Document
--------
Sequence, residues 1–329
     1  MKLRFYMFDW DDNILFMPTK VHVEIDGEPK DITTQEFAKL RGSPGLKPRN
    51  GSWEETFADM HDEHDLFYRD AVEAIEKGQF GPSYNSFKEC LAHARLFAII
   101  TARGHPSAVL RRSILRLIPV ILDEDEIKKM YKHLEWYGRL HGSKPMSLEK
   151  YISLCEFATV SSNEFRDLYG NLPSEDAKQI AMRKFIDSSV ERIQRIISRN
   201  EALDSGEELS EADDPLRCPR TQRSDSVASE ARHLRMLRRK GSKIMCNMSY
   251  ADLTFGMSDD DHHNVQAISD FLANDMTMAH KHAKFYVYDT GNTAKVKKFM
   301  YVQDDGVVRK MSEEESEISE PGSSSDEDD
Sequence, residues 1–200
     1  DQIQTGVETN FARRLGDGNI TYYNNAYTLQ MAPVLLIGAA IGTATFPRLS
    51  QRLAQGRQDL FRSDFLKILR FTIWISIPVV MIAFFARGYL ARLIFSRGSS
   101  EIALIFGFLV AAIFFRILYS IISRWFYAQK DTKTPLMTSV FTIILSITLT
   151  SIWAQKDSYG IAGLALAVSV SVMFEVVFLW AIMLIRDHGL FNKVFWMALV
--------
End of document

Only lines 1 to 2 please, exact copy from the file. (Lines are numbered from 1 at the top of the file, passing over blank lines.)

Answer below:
Sequence, residues 1–329
     1  MKLRFYMFDW DDNILFMPTK VHVEIDGEPK DITTQEFAKL RGSPGLKPRN